Let's make your sharp last longer.
Knife people suggest honing often. Non-knife people wonder why, don't really know how and generally forget to do it.
Honing can make a big difference in a knife's cutting edge and your success and joy in the kitchen. The action straightens the microscopic cutting edge of your knives (that inadvertently bend when used) making your "sharp" last longer.
Here is a little visual.
How to hone?
Simply slide your knife edge against your hone. Sometimes you see this done in movies and on shows in a way that looks acrobatic. Save yourself the acting lessons and follow this method to get started.
Assess your knife edge. Often you can feel or see the difference between sharp spots and those where the edge has been bent over. Focus your honing efforts on the bent portions.
Place the hone on your cutting board, point down, while holding the handle.
Eye up the cutting edge of the knife with the hone. On many hones you can put the top of the knife (spine) on the handle and simply tilt the knife toward the rod to get roughly the honing angle. Eye the angle up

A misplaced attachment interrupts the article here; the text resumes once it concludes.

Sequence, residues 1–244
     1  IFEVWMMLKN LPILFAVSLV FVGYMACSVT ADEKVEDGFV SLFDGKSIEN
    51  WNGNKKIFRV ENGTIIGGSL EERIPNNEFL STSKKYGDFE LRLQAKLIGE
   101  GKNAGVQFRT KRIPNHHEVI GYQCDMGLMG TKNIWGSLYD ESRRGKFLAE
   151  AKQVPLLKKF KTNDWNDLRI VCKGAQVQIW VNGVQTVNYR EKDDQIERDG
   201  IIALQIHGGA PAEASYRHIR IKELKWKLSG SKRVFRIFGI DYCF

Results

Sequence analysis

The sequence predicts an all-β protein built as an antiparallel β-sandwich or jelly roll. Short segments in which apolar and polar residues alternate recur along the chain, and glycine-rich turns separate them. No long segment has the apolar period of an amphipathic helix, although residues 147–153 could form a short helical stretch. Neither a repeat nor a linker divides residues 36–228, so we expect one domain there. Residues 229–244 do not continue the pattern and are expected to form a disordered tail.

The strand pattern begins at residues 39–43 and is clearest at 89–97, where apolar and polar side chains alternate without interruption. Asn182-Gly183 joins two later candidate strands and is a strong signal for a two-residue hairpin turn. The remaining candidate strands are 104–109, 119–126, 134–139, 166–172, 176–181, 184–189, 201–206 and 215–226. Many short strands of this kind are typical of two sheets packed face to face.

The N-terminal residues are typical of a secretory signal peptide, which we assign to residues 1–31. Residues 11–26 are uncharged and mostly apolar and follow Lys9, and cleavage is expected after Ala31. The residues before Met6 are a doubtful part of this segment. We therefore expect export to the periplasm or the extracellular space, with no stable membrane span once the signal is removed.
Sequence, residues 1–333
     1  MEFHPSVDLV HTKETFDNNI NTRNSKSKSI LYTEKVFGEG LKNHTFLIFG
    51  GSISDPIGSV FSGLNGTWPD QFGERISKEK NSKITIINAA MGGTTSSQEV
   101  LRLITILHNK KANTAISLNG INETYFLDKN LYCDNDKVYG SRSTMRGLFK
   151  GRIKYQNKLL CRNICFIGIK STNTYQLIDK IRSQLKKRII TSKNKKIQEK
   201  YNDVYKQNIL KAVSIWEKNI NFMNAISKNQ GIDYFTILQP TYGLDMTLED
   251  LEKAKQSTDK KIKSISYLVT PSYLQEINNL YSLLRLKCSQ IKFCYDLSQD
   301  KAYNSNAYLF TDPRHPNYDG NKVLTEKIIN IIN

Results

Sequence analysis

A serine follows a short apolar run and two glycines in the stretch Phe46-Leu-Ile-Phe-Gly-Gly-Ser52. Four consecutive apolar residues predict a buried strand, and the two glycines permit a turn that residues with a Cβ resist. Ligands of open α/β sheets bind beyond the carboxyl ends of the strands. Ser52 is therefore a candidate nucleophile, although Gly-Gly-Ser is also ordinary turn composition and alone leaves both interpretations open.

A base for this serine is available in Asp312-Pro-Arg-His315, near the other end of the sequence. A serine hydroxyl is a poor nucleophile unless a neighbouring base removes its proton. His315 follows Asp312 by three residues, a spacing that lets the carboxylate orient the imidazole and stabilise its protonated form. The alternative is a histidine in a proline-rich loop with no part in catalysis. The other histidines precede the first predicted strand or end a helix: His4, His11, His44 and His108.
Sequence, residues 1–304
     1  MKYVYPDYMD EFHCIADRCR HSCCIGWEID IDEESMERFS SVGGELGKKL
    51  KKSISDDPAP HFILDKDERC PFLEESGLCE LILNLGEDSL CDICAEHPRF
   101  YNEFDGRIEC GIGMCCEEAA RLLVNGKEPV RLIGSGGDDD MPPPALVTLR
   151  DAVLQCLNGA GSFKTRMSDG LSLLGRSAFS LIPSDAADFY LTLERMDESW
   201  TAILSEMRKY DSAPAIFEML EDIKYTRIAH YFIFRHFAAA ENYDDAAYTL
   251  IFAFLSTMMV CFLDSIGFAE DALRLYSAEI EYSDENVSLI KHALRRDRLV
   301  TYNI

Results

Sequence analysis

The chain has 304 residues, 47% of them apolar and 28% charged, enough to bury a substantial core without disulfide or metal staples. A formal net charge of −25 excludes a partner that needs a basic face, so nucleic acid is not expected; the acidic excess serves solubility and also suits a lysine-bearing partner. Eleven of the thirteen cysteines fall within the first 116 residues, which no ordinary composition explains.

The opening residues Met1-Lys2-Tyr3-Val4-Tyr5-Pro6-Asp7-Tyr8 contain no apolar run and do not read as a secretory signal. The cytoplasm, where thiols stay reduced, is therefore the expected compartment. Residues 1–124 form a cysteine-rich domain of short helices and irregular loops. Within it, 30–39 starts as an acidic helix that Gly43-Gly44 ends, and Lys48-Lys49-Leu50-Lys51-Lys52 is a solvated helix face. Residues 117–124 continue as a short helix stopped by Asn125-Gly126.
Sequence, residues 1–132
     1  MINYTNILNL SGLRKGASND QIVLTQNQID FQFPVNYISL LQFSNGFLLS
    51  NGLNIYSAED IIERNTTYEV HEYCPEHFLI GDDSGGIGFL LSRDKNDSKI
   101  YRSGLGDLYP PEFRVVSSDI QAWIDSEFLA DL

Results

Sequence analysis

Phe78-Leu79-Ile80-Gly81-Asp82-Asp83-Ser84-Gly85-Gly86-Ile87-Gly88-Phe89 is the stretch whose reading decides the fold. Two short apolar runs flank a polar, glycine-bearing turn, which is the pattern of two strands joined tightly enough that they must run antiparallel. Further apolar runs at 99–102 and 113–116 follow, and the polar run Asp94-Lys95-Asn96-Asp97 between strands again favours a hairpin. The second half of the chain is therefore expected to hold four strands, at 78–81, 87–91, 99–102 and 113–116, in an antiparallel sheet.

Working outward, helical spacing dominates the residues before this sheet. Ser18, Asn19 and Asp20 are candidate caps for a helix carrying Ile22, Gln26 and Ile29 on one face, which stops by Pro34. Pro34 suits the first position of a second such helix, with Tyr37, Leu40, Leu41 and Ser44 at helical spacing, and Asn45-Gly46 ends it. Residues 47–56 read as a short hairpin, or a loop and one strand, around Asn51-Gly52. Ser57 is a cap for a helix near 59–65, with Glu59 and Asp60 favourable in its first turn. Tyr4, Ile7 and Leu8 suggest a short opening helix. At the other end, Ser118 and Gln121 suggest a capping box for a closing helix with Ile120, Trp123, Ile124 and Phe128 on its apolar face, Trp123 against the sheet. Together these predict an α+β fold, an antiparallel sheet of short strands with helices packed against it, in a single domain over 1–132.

(Note: the pictured might be a too steep an angle for your knife. Eye it up each knife so that the cutting edge is flat on the hone.)
Slide the cutting edge along the hone toward the cutting board. Do so in a way that the whole of the cutting edge touches the hone for each pass.
Viola. Honing that straightforward.
You could set a calendar reminder each week. That might be excessive. You could hone each time you use a knife. That could be excessive too. It really depends on your usage. So, at minimum, hone when your knife starts to show some signs of dulling.
If you don't wait too long after a sharpening to hone you'll be able to see and feel the difference on your cutting edge immediately before and after honing. It's impressive.
Need a hone?
Check out our entry level ceramic hone here.
Interested in the sharpening process?